I was raised Catholic. I well remember having to think up creative lies for the weekly confessional – at 8, I had so little to confess I would struggle for hours beforehand to think of something bad I’d done that was worthy of grovelling before a priest (to save shocking God Himself, who would obviously be totally disgusted if He had to deal with me). I’d mumble something like “I was mean to my sister” or “I stole cookies”. Even back then I doubted the ability of three Hail Mary’s to stop me from stealing them. I’m still stealing cookies, but since I live alone it doesn’t seem so evil anymore.
I’m sure it was this that got me started in fiction.
But I still have the guilt thing going on – the feeling that there should be something to confess, no matter how small, as I am such a bad bad girl.
Now I’m not denying the bad bad part. Heck, a girl’s gotta have a little fun, doesn’t she?
But now I am battling with the distinct urge to wish badness on another being, and I can’t help but think this might be a confession worthy failing, if I went to church these days. You see my ex is getting married.
Yeah yeah, I should be happy for him and his finding true love yadda yadda and I’m delighted he has the strength to take on another relationship after ours, which destroyed me so badly I am still pulling the feathers out of my teeth and putting anyone who wants a relationship through the seven layers of hell just to hang in with me.
Yeah, yeah, I’m ecstatic that he remains healthy and wealthy while I fall apart with MS and live on disability…okay, I’m lying about that.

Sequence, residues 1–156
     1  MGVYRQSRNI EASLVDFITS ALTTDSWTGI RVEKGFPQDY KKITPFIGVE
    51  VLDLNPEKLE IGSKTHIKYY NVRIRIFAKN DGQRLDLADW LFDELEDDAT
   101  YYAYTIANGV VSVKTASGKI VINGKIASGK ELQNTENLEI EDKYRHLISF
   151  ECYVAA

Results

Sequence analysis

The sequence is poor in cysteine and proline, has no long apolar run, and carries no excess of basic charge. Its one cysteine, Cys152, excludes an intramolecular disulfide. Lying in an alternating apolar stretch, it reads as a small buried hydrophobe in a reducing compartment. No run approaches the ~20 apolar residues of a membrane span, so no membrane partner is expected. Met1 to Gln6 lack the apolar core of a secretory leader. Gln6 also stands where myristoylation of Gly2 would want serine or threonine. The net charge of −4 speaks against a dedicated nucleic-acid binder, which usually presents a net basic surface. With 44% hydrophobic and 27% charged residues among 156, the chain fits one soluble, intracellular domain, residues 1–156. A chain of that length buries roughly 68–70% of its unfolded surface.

And I keep telling myself that I could wish him less harm if I liked his new bride but I’m lying there, too, since it is much easier to imagine him getting married to someone who I think is totally wrong for him and who I will have not the slightest urge to spend time with.
It’s his life, etc., etc. But am I a bad woman to hope for just a teensy weensy earthquake in California the day they get married? No deaths, no great injuries, just a screw up…
You need to understand our past. For our wedding, one aunt died, an uncle had a stroke, my father was taken to the hospital at the same time as the photographer arrived, I got gastroenteritis that made me throw up our entire wedding night, one of the ushers broke a hand, there was unprecedented hail and a huge traffic jam, my wisdom tooth got infected and caused squirrel cheeks, my brother’s girlfriend was so traumatized by setting off alarms in the house next door that she was hospitalized, the female guests got into fistfights in the girl’s washroom, and our shower broke through the ceiling of our kitchen, sending rivulets onto the usher-with-the-broken-hand’s Stetson. And then we flew across the Atlantic to take up our new home in London, UK, and got ripped off and left on the outskirts to walk home.
The whole thing wasn’t filled with good omens.
Back when we’d been married for 10 years and I was thinking of ways to save the dying marriage, I offered to restate our vows. My mother told me no – “We don’t have enough relatives left!”
She was right. Many of them were booking extended holidays far away just on the hint that this might happen.
So in the back of my heart, I am dreading hearing about his picture perfect marriage to this woman who has no children so who has her girlish (a.k.a. non-stretched) figure, who appears wealthy and connected. I just want a teensy twisted ankle, perhaps some tectonic plate rumbling, maybe a huge mudslide that sucks the whole wedding party into it….um…sorry.
I want some schadenfreude – that sinful pleasure you have when you hear of an enemies’ small misfortune. Just enough to warm the cockles of my evil evil heart.
Of course, if anything bad does happen, I’ll be awash in guilt the rest of my days. And three Hail Mary’s won’t help there, either.
Phooey. I think I’ll just go steal another cookie.